# Incremental Boosting Convolutional Neural Network for Facial Action Unit Recognition

## Introduction

Facial expression is one of the most natural ways that human beings express emotion. The Facial Action Coding System (FACS) attempts to systemically categorize each facial expression by specifying a basic set of muscle contractions or relaxations, formally called Action Units (AUs). The codes are categorized into main, head movement, eye movement, visibility and gross behaviour . For example, "AU 1" stands for the inner portion of the brows being raised, and "AU 6" stands for the cheeks being raised. Such a framework would help us describe any facial expression as possibly a combination of different AUs. The complete list of AUs in the FACS can be seen here. However, during the course of an average day, most human beings do not experience drastically varying emotions and therefore their facial expressions might change only subtly. Additionally, there might also be a lot of subjectivity involved if this task were to be done manually. To address these issues, it is imperative to automate this task. Moreover, automating AU recognition also has potential applications in human-computer interaction (HCI), online education, interactive gaming, among other domains.

Because of the recent advancements in object detection and categorization tasks, CNNs are an appealing go-to for the facial AU recognition task described above. However, compared to the former, the training sets available for the AU recognition task are not very large, and therefore the learned CNNs suffer from overfitting. To overcome this problem, this work builds on the idea of integrating boosting within CNN. Boosting is a technique wherein multiple weak learners are combined together to yield a strong learner. Moreover, this work also modifies the mechanics of learning a CNN by breaking large datasets in mini-batches. Typically, in a batch strategy, each iteration uses a batch only to update the parameters and the features learned in that iteration are discarded for subsequent iterations. Herein the authors incorporate incremental learning by building a classifier that incrementally learns from all the iterations/batches. Hence the genesis of the name Incremental Boosting - Convolutional Neural Network (IB-CNN) is justified. The IB-CNN introduced here outperforms the state-of-the-art CNNs on four standard AU-coded databases.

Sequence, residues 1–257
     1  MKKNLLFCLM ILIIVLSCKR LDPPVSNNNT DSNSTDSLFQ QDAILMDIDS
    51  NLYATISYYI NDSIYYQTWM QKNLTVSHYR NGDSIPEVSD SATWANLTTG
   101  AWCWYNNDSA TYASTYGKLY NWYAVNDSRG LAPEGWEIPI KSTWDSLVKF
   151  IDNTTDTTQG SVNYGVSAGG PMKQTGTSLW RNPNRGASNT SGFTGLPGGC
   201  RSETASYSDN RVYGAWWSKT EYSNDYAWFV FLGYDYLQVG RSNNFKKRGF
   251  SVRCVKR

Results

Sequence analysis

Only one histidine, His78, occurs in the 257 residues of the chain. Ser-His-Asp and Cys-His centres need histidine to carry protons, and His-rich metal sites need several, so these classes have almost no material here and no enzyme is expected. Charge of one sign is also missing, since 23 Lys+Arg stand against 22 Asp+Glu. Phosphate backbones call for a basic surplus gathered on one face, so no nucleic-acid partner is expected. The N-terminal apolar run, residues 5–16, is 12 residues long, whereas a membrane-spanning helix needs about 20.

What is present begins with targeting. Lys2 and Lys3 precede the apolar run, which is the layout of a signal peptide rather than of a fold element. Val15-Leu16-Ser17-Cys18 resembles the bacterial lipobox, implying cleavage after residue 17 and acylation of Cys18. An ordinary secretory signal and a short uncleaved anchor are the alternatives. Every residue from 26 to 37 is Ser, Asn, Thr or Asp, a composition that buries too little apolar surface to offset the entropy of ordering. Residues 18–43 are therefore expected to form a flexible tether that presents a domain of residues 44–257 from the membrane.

## Related Work

There have been many papers that use manually designed features to the AU-recognition task, unlike the CNN-based methods which integrate feature learning. Some of them are Gabor Wavelets, Local Binary Patterns (LBP), Histogram of Oriented Gradients (HOG), Scale Invariant Feature Transform (SIFT) features, Histograms of Local Phase Quantization (LPQ), and their spatiotemporal extensions. One of the major breakthroughs to reduce overfitting in CNNs was dropout, introduced by Hinton et al, which randomly drops certain neurons. This work can be seen as a refinement of the previous random dropout approach in the sense that only neurons with no contribution towards classification are dropped, while retaining the more discriminative neurons. Moreover, adopting a batch strategy with incremental learning also circumvents the issue of not-so-large datasets.

## Methodology

### CNNs

Convolutional Neural Networks are neural networks that contain at least one convolution layer. Typically, the convolution layer is accompanied with a pooling layer. A convolution layer, as the name suggests, convolves the input matrix (or tensor) with a filter (or kernel). This operation produces a feature map (or activation map) that, roughly speaking, shows the presence or absence of the filter in the image. Note that the parameters in the kernel are not preset and are learned. A pooling layer reduces the dimensionality of the data by summarizing the activation map by some means (such as max or average). Following this, the matrix (or tensor) data is then vectorized using a fully-connected (FC) layer. The neurons in the FC layer have connections to all the activations in the previous layer. Finally, there is a decision layer that has as many neurons as the number of classes. The decision layer decides the class based on computing a score function using the activations of the FC layer. Generally, an inner-product score function is used, which is replaced by the boosting score function in this work.

### Boosting Method

Ever since boosting method was first officially introduced in the 1990s, it has become one of the most powerful learning method to improve model performance. The fundamental boosting algorithm that was introduced Freund and Schapire in 1995: AdaBoost has evolved into many much more sophisticated boosting methods (Freund & Schapire, 1997). The essential idea of boosting is to use a weighted combination of a sequence of weak classifiers to make a strong one. The key point to this process is after each iteration of data modification (through any type of model), the boosting algorithm will place more weight on observations that are difficult to classify correctly. Therefore, those “weak” classifiers can then focus on those observations that are hard to predict (Hastie, Tibshirani, & Friedman, 2017) These explanations can be summarized using the following formula: